Released on 1985Categories Biography & Autobiography

The Rise and Decline of the Zairian State

The Rise and Decline of the Zairian State

Author: Crawford Young

Publisher: University of Wisconsin Pres

ISBN: 9780299101138

Category: Biography & Autobiography

Page: 522

View: 941

Zaire, apparently strong and stable under Presdident Mobutu in the early 1970s, was bankrupt and discredited by the end of that decade, beset by hyperinflation and mass corruption, the populace forced into abject poverty. Why and how, in a new african state strategically located in Central Africa and rich in mineral resources, did this happen? How did the Zairian state become a “parasitic predator” upon its own people?
Released on 1999Categories State, The

The Rise and Decline of the State

The Rise and Decline of the State

Author: Martin L. Van Creveld

Publisher:

ISBN: 051111771X

Category: State, The

Page: 439

View: 809

The state, which since the middle of the seventeenth century has been the most important and most characteristic of all modern institutions, is in decline. From Western Europe to Africa, many existing states are either combining into larger communities or falling apart. Many of their functions are being taken over by a variety of organizations which, whatever their precise nature, are not states. In this unique volume Martin van Creveld traces the story of the state from its beginnings to the present. Starting with the simplest political organizations that ever existed, he guides the reader through the origins of the state, its development, its apotheosis during the two World Wars, and its spread from its original home in Western Europe to cover the globe. In doing so, he provides a fascinating history of government from its origins to the present day.
Released on 2004-08-02Categories History

The Rise and Decline of Thai Absolutism

The Rise and Decline of Thai Absolutism

Author: Kullada Kesboonchoo Mead

Publisher: Routledge

ISBN: 9781134432295

Category: History

Page: 240

View: 764

This book examines the development of Thailand from the integration of Siam into the European world economy at the beginning of the nineteenth century, up to the emergence of Thailand as a modern nation state in the twentieth century. It concentrates in particular on the reign of King Chulalongkorn (1868-1910), during which period the state was modernized, the power of the great nobles was subordinated to the state, and a modern bureaucracy and education system were created.
Released on 2017-08-11Categories Business & Economics

An Economic Analysis of the Rise and Decline of Chinese Township and Village Enterprises

An Economic Analysis of the Rise and Decline of Chinese Township and Village Enterprises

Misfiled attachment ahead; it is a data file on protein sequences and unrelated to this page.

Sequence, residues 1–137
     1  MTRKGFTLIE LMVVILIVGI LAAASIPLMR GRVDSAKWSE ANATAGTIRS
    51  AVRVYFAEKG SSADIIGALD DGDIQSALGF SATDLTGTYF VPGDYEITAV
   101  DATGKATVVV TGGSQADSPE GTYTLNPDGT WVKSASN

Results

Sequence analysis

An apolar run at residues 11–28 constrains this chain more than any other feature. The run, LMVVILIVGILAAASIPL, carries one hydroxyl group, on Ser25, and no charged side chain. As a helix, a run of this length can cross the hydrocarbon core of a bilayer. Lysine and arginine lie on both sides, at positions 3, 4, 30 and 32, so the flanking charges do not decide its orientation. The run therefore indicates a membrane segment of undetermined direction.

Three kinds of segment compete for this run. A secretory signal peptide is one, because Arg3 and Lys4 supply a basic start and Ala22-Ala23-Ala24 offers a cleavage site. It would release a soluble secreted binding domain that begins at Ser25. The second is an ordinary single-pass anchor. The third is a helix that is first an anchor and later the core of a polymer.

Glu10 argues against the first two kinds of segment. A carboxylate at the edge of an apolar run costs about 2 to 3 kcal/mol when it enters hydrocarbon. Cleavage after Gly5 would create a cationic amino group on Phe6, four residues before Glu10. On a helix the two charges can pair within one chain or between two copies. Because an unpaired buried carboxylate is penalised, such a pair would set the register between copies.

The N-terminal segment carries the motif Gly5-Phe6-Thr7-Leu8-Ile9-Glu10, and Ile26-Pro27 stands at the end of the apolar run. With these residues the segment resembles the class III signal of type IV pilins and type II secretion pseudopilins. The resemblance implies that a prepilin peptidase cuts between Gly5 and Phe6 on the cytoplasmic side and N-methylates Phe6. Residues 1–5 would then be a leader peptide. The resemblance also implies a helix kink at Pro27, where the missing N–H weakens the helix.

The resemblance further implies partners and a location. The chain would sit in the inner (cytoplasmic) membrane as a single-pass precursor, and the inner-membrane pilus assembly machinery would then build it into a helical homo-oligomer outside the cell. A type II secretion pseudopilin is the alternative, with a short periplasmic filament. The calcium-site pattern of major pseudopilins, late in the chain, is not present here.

Author: Cheng Jin

Publisher: Springer

ISBN: 9783319597706

Category: Business & Economics

Page: 217

View: 684

This book provides a historical economic analysis of two key issues relating to township and village enterprise (TVE) development in China. Firstly, the nature of the evolving relationship between TVEs and local government; in particular how TVE entrepreneurs have used institutionalized power to secure the political influence needed to defend their financial independence. Secondly, the relationship between TVEs and state-owned enterprises (SOEs), and the role of SOEs in China’s economic transition. This study highlights the importance of the role of SOEs in the “dual-track pricing system” and its impact on other parts of the economy. Township and village enterprises were key to China's success in the late twentieth century, but have more or less disappeared as an entity over the past decade or so. By measuring the structural difference of the SOE sector before and after 1998–2003 SOE reform, Jin explains their fast catch-up in productivity since the mid-1990s, as well as the relative decline of TVE productivity.
Released on 2014-02-20Categories Political Science

The Rise and Decline of a Global Security Actor

The Rise and Decline of a Global Security Actor

Author: Anne Hammerstad

Publisher: OUP Oxford

ISBN: 9780191016134

Category: Political Science

Page: 340

View: 681

The Rise and Decline of a Global Security Actor investigates the rise of the United Nations High Commissioner for Refugees (UNHCR) as a global security actor. It follows the refugee agency through some of the past two decades' major conflict-induced humanitarian emergencies: in northern Iraq (1991), Bosnia (1991-95), eastern Zaire (1994-96), Kosovo (1998-99), Afghanistan (2001-) and Iraq (2003-). It analyses UNHCR's momentous transformation from a small, timid legal protection agency to the world's foremost humanitarian actor playing a central role in the international response to the many wars of the tumultuous last decade of the 20th century. Then, as the 21st century set in, the agency's political prominence waned. It remains a major humanitarian actor, whose budgets and staffing levels continue to rise. But the polarised post-9/11 period and a worsening protection climate for refugees and asylum seekers spurred UNHCR to abandon its claim to be a global security actor and return to a more modest, quietly diplomatic role. The rise of UNHCR as a global security actor is placed within the context of the dramatic shift in perceptions of national and international security after the end of the Cold War. The Cold War superpower struggle encouraged a narrow strategic-military understanding of security. In the more fluid and unpredictable post-Cold War environment, a range of new issues were introduced to states' security agendas. Prominent among these were the perceived threats posed by refugees and asylum seekers to international security, state stability, and societal cohesion. This book investigates UNHCR's response to this new international environment; adopting, adapting, and finally abandoning a security discourse on the refugee problem.